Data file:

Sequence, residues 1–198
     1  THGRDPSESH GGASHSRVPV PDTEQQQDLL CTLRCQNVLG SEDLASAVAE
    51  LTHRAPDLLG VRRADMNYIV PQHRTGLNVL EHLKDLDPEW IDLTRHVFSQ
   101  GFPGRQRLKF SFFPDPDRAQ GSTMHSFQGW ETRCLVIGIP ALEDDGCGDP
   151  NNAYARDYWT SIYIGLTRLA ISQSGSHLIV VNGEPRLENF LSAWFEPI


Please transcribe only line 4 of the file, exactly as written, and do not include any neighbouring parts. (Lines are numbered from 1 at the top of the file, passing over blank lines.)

   101  GFPGRQRLKF SFFPDPDRAQ GSTMHSFQGW ETRCLVIGIP ALEDDGCGDP